by Jon Atack
Communication Heals the World
Alienation, ostracism, shunning & disconnection are cultic practice that cause psychological trauma far deeper and longer lasting than any physical injury.
A Weapon of Control
Alienation is a defining cultic practice, because isolation from the outside world is a necessity to keep members trapped in an abusive group or relationship. It is especially necessary to prevent communication with former members, so they are demonized with lurid tales of vicious and immoral behavior.
In the Jehovah’s Witnesses and other pseudo-Christian cults, the practice is called ‘shunning’. Departing members are labeled ‘apostates’ or ‘faith-breakers’.
‘Cherem’ or ‘Herem’ is practiced in Judaic cults, which cut off all communication with a dissenter. The Ba’hai label defectors ‘covenant-breakers’ and shun them.
Scientologists call the practice ‘disconnection’ and label dissenters ‘suppressive persons’ (SPs), which they say is synonymous with antisocial personalities – the psychiatric term for psychopaths. The only criterion for this label is criticism of Scientology or its creator. Any Scientologist who remains in touch with a ‘suppressive person’ can no longer receive the cult’s ‘processing’ or ‘indoctrination’ and will be labeled a ‘potential trouble source’ (PTS).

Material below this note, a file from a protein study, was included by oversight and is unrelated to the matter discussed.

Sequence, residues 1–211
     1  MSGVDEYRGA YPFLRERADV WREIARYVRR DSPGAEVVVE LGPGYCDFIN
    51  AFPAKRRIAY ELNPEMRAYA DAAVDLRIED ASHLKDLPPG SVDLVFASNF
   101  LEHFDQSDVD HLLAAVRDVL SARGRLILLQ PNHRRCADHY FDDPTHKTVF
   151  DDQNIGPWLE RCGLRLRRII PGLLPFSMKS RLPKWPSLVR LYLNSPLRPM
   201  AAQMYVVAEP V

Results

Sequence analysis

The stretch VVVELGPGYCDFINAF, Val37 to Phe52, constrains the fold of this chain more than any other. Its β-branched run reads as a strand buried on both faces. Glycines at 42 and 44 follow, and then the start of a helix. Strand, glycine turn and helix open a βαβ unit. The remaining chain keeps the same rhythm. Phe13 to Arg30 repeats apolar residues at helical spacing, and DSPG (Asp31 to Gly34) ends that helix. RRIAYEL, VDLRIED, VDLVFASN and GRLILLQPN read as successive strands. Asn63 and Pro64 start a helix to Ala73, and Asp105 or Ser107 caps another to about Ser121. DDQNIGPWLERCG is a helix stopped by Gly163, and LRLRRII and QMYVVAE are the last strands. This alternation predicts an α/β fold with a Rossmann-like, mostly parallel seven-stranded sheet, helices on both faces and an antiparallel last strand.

Respected counselors will occasionally suggest a pause in communication and even a permanent cessation, if the person concerned is violent or constantly abusive, but they will not order ostracism, and disagreement with doctrine would never be considered sufficient reason for ostracism.
In parental alienation, the parent with custody blocks communication from the other parent and tells the child that the other parent is bad or dangerous. Letters, birthday and Christmas cards and gifts will not be passed on to the children, who are led to believe that the absent parent has abandoned them. In this situation, children grow up believing that one of their parents is a dreadful, uncaring person, and this can have significant psychological effects.
Learn more about Parental Alienation
On the receiving end of alienation, the social rejection can be very harmful. It can lead to antisocial behavior by someone who has been rejected. It heightens anxiety and depression, and lowers self-esteem.
The silent treatment and sending to Coventry are common names for alienation. In some societies, alienation is a punishment for criminal or antisocial behavior, but in an abusive group it is simply a way to control the members: toe the party line, or be abandoned.
Kipling Williams has studied the effects of ostracism and found differences in response between men and women in that women seem to work harder to rejoin the group after ostracism. Williams’ work leaves no doubt that ostracism can have profound and lasting effects. His work and that of other experts can be found at Ostracism Awareness.